A First For The Tanglewood Music Center: Both Conducting Fellows Aren’t Fellows

Download Audio
Tanglewood Music Center conducting fellow Marzena Diakun (Andrea Shea/WBUR)
Tanglewood Music Center conducting fellow Marzena Diakun (Andrea Shea/WBUR)

For 75 years the Tanglewood Music Center (TMC) in Lenox has been hosting an intense, summer-long academy for about 150 rising, young instrumentalists, composers and conductors.

And this year marks another milestone for the school: For the first time in the TMC’s history, its two conducting fellows aren’t fellows.

“The first conducting fellow was a guy named Leonard Bernstein,” Boston Symphony Orchestra Managing Director Mark Volpe reminded me on a sun-drenched afternoon in Lenox. “He was followed by Seiji Ozawa, Zubin Mehta and all these other famous guys — and I say guys."

But this year, the two maestros who’ve been studying, rehearsing and performing on the lush campus for the past eight weeks are Marzena Diakun and Ruth Reinhardt.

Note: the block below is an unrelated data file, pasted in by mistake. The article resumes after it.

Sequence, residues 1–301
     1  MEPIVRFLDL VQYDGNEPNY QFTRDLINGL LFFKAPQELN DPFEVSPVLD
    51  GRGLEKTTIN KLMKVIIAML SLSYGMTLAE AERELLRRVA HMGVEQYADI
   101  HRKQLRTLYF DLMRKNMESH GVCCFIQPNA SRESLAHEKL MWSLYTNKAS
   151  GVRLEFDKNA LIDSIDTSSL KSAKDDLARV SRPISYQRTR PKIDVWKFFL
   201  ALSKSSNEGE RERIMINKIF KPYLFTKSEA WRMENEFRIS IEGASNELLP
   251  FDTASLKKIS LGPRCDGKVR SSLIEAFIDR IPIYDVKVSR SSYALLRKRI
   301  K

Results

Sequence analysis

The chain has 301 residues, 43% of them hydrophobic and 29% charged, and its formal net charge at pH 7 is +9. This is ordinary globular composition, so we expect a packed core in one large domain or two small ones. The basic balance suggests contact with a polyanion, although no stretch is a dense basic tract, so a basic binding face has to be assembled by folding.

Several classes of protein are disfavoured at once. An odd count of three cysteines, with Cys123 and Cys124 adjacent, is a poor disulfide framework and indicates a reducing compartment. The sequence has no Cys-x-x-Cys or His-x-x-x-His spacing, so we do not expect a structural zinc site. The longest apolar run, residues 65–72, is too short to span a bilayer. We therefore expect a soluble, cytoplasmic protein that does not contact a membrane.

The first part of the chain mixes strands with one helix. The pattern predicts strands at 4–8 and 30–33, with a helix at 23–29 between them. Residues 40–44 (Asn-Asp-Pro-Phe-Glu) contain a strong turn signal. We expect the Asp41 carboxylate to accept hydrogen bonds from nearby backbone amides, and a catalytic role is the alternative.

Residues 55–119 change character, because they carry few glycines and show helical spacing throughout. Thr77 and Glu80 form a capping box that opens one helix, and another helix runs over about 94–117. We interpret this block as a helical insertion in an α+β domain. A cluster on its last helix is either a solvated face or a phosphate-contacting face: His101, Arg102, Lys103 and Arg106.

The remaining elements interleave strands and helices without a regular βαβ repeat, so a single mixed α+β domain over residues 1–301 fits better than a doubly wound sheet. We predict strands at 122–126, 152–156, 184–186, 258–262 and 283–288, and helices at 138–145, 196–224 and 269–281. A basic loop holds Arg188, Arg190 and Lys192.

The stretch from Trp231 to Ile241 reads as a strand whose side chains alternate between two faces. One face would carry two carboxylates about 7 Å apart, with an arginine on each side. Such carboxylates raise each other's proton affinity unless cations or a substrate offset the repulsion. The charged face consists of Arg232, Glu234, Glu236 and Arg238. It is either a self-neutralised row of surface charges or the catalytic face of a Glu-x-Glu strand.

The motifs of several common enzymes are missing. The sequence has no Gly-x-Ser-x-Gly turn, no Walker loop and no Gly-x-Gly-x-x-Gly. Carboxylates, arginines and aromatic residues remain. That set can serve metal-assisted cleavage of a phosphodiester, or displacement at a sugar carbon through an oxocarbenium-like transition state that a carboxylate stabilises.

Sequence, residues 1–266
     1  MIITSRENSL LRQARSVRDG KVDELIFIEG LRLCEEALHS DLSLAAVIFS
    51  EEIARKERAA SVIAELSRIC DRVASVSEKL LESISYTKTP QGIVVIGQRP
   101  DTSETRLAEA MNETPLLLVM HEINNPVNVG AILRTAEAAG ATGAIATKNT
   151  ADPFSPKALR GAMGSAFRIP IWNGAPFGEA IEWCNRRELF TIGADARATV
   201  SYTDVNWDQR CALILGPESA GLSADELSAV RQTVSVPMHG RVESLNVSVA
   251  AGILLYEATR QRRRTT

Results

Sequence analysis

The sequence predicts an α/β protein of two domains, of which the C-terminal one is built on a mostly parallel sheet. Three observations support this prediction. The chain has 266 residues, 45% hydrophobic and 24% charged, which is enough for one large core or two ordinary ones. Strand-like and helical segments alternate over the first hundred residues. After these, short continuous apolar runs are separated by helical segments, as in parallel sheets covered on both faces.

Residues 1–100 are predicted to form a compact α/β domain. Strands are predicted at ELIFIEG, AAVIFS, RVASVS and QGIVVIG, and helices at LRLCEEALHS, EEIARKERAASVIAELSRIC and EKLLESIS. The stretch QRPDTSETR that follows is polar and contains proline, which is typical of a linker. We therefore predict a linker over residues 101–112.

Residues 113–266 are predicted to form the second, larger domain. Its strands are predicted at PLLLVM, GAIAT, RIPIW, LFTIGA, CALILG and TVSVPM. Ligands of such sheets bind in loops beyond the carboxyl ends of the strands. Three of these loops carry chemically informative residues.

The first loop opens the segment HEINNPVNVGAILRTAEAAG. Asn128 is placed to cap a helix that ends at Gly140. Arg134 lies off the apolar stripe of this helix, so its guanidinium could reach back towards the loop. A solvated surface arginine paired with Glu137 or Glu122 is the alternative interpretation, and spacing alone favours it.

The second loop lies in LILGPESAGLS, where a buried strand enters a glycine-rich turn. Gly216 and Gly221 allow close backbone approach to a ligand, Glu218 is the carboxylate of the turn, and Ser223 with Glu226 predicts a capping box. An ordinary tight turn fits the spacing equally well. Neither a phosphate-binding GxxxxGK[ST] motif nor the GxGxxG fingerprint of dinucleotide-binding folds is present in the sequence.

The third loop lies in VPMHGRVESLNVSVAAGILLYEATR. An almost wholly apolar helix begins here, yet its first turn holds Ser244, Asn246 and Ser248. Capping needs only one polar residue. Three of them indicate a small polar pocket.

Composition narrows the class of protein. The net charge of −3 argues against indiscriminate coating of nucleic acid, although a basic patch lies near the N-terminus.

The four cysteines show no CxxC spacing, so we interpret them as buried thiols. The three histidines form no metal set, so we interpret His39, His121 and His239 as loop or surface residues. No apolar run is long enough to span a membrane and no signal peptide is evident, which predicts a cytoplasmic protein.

“To me, personally, as a father of two daughters, I’m absolutely delighted,” Volpe gushed. “And it took us 75 years to get to this point!”

For Volpe this milestone confirms an ongoing gender shift in the classical music world.

“When I first got into the business-30 plus years ago, and you put a woman on the podium, there’d be lots of grumbling from men in the back, and sometimes even in the front,” he recalled.

Conducting fellows Marzena Diakun, left, and Ruth Reinhardt (Andrea Shea/WBUR)
Conducting fellows Marzena Diakun, left, and Ruth Reinhardt (Andrea Shea/WBUR)

No one grumbles during conducting fellow Diakun’s rehearsal of an operatic piece by composer Benjamin Britten. On stage the young musicians watch her every move intently.